The main research library of the faculty of arts and sciences at Harvard University. It is named after a Harvard alumnus, Harry Elkins Widener, who died on the Titanic.1

The main stairway has some truly unnerving paintings memorializing U.S. soldiers who fought in World War I and who "with one embrace clasped Death and Victory."

  1. The ship, not the movie.

The Harvard Library System houses the second-largest collection in the United States (only the Library of Congress is larger, by about 10 million volumes). Widener Library is the largest of Harvard's libraries, with over 65 miles of shelf space that can hold over 3 million volumes.

Built in 1915 by Eleanor Elkins Widener, in memory of her son Harry Elkins Widener '07, Widener Library was designed by architect Julian F. Abele, considered one of the first major black architects in the United States.

Widener Library has a diverse collection, although its focus is on literature and history, "with particularly distinguished holdings in folklore, German, Latin America, Americana, history of Canada, English literature, British history, French history including local histories and topography, and Greek and Latin classical writers."1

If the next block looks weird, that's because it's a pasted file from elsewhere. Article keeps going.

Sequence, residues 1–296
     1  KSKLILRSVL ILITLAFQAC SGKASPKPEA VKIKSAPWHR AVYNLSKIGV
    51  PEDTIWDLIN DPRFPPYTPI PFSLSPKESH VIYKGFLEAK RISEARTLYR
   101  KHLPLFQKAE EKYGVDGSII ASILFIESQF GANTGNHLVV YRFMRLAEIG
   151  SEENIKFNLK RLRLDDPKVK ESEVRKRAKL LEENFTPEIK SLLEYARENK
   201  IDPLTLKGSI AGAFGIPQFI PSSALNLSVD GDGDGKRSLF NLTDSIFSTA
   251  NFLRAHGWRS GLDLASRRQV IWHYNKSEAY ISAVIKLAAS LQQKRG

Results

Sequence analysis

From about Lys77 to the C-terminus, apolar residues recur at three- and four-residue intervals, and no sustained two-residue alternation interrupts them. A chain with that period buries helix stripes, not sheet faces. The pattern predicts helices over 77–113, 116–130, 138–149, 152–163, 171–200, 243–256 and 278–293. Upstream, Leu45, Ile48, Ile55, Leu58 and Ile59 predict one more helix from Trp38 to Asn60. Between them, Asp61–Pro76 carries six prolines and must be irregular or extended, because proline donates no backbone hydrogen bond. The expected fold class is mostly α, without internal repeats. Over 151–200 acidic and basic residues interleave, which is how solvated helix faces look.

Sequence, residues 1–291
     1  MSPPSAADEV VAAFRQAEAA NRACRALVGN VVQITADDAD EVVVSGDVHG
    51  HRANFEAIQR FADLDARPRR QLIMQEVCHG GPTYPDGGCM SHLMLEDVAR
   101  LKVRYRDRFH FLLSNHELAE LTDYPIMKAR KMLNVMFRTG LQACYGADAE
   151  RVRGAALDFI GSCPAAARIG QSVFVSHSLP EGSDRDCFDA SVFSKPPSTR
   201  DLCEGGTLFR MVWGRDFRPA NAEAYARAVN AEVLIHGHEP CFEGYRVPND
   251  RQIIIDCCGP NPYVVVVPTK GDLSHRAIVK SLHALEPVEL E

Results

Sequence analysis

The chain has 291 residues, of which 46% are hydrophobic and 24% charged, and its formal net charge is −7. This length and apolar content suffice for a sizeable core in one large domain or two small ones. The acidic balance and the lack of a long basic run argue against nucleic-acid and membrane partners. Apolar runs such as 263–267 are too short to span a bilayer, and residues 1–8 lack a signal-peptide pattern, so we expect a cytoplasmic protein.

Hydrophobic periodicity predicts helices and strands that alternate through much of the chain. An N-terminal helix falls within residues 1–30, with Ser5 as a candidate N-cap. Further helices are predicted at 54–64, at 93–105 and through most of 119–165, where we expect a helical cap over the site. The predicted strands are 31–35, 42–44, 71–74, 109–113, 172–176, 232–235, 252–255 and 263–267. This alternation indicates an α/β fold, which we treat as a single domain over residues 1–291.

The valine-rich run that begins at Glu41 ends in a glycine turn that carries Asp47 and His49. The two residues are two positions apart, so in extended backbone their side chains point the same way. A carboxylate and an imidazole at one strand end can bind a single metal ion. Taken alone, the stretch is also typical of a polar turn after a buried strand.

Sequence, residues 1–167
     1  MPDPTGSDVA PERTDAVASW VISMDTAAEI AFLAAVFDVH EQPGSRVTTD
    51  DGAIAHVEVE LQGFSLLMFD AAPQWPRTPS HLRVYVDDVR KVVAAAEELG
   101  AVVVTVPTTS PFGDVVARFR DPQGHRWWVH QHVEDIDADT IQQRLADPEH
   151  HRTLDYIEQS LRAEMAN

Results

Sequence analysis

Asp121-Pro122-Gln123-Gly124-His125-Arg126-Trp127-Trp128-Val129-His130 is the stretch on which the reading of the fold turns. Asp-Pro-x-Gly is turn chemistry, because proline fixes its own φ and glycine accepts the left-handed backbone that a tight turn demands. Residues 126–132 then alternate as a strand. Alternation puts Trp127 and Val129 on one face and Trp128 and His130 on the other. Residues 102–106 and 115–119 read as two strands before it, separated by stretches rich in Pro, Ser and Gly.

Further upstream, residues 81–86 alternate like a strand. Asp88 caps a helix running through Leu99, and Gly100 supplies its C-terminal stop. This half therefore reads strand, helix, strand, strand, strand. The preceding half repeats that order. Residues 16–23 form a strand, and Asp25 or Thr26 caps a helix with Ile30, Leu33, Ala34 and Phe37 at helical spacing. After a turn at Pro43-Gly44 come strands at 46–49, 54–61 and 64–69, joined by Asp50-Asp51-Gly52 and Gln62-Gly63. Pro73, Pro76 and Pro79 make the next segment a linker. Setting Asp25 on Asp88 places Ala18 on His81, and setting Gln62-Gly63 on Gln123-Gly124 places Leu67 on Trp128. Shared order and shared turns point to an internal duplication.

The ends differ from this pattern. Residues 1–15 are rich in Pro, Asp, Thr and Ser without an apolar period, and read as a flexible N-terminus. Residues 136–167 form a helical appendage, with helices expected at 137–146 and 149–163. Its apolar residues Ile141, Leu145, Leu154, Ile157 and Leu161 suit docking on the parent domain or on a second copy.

The stacks in Widener Library are incredibly creepy and subterranean. Don't go in alone at night if you're easily frightened. Seriously. There are probably axe murderers in there. However, it is also tradition for Harvard students to have sex in the Widener stacks at least once during their career at Harvard. Many do. Some can't get aroused with the smell of musty books all around. Some get off on it. To each his own.

  1. Widener Library Website -

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